Jan Hendrik Weissenbruch Netherlands
6-19-1824 The Hague, NED – 3-24-1903 The Hague, NEDBack to Artist IndexView Artists Paintings
Hendrik Johannes Weissenbruch, also known as Jan Hendrik. He came from an artistic family. His father Johannes, a chef and restaurateur, painted in his free time and collected art on a small scale. Johannes' cousin Jan (1822–80) was a well-known painter of townscapes. Another cousin Frederik Hendrik (1828–87) was a lithographer, while his younger brother Frederik Johan, his uncle Daniel and his nephew Isaac (1826-1912) were all engravers.
When Jan Hendrik was sixteen years old he received drawing lessons from Johannes Low. In 1843, he took evening classes taught by Bartholomeus van Hove at the Hague Academy of Art. During the day Weissenbruch worked in Van Hove's studio, together with Johannes Bosboom and Samuel Verveer, helping to make pieces of scenery for the Royal Theatre.
Hendrik Johannes Weissenbruch's early work showed the strong influence of the romantic painter Andreas Schelfhout. Schelfhout's influence can be seen in Weissenbruch's early landscapes, painted in precise detail. His magnificent, cloudy skies show his admiration for the seventeenth-century artist Jacob van Ruisdael, whose work he saw at an early age in the Mauritshuis in The Hague. When he was invited to take lessons from this very celebrated artist, his older friend, Bosboom, advised him not to accept. In 1847, Weissenbruch first exhibited at the exhibition of Living Masters, and he became one of the founders of the Pulchri Studio.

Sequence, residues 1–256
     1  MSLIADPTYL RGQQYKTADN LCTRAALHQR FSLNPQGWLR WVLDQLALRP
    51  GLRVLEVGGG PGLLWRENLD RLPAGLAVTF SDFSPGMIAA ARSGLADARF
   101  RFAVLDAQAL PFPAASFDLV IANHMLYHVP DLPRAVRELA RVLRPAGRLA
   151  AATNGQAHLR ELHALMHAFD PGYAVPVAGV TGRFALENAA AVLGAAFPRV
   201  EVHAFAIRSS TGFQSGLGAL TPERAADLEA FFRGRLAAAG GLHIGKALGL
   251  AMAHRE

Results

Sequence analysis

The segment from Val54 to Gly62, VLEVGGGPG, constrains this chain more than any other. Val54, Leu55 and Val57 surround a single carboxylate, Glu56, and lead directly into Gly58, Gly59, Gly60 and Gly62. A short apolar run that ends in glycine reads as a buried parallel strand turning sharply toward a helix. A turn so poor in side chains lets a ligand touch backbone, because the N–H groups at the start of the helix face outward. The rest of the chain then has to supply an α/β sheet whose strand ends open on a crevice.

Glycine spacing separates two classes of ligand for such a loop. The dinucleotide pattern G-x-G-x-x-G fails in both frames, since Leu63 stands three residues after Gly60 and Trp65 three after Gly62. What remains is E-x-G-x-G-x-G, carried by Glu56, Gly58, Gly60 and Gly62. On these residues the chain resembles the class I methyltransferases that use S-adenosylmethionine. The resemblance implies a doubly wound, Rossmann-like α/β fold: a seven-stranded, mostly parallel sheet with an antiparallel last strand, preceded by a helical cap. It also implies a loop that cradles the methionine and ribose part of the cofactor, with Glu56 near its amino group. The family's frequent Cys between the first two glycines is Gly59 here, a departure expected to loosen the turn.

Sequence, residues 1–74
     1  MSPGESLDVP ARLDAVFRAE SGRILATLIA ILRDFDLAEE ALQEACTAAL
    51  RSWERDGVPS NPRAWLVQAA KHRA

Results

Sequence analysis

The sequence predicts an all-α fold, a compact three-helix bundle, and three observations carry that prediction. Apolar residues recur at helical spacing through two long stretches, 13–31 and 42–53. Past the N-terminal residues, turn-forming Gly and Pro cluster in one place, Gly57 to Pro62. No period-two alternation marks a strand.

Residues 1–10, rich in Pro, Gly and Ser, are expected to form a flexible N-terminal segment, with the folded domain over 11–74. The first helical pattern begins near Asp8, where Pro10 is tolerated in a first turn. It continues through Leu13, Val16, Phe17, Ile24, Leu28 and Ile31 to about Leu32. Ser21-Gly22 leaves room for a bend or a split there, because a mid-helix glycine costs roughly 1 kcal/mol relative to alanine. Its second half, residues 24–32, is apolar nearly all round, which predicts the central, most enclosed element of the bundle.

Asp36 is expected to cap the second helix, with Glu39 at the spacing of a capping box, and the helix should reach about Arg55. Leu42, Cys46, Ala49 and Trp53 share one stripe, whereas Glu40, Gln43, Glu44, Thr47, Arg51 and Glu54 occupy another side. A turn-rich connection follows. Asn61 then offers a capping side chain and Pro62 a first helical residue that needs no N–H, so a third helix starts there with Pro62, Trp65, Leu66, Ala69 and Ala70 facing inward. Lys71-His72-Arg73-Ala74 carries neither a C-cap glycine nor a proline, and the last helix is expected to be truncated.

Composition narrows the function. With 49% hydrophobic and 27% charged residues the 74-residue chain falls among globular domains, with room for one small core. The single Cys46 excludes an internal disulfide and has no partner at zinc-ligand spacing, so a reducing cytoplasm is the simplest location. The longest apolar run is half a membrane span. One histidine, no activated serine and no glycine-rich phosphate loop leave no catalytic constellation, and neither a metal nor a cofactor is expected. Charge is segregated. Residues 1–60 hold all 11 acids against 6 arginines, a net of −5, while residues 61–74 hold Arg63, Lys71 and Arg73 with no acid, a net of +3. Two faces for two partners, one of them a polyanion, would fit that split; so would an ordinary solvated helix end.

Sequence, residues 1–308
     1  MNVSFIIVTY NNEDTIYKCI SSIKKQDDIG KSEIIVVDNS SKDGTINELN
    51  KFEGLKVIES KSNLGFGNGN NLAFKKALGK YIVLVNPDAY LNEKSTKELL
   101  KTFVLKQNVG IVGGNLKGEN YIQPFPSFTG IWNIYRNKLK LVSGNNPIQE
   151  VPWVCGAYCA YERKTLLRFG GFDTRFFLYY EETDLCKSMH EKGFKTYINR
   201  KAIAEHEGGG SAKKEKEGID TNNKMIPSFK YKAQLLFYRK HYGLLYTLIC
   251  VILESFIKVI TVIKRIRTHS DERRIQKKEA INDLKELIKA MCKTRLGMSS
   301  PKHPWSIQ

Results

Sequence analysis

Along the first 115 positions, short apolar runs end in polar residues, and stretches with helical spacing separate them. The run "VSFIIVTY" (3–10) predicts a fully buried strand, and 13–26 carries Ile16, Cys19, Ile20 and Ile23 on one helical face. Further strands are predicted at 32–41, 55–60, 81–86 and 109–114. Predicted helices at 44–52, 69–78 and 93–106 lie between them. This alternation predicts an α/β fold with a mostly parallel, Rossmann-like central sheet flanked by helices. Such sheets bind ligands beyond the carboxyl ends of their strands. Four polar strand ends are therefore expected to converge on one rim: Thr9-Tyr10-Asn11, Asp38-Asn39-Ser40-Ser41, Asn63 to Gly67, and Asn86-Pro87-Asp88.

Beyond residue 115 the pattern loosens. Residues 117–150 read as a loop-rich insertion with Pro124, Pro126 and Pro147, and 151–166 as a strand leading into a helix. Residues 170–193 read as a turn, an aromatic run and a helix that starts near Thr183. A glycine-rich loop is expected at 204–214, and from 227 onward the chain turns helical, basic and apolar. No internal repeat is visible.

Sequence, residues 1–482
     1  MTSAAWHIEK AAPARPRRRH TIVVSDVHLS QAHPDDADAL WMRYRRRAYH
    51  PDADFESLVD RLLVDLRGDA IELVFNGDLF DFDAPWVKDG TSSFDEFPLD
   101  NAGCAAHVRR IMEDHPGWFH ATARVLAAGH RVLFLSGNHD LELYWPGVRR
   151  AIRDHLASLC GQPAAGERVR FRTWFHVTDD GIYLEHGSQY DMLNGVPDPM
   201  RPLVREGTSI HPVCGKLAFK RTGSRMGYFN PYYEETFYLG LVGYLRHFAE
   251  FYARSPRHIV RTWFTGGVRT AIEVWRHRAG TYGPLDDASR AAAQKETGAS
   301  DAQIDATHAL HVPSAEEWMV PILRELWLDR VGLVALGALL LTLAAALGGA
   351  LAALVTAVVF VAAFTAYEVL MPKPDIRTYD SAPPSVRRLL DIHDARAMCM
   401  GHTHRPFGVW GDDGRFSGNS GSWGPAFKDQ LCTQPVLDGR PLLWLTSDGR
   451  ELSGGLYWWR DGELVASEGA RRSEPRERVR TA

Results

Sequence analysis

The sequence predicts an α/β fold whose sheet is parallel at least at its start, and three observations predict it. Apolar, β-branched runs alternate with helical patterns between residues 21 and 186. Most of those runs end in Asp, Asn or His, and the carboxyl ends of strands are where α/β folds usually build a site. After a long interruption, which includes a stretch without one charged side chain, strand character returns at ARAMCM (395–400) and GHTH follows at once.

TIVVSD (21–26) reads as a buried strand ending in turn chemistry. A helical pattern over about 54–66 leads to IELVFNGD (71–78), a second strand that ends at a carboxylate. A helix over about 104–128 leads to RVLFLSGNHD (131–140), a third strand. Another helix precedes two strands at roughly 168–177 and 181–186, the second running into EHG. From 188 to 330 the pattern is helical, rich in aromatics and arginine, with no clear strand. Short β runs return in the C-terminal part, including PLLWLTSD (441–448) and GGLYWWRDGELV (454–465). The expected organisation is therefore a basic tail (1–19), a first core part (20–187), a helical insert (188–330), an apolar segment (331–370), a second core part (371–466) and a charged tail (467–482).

In 1849, two years after Hendrik Johannes Weissenbruch staged his first exhibition, the Teylers Museum in Haarlem acquired one of his panoramic landscapes. However, that early success did not last very long. In spite of the prestige he had earned among his colleagues, he did not achieve public acknowledgement until the late 1880s.
Hendrik Johannes Weissenbruch enjoyed working outdoors in the countryside. He usually found his subjects in the area around The Hague where he lived, rarely going far from home. However, in 1900, at the age of seventy, he took a trip to Barbizon where he painted his famous forest scene. The journey to Barbizon must have been a kind of pilgrimage for him, since it was in this area that French painters, in around 1830, had first begun to paint in the open air on a large scale.
Art Movement: Realism
Influences: Johannes Low, Bartholomeus van Hove, Andreas Schelfhout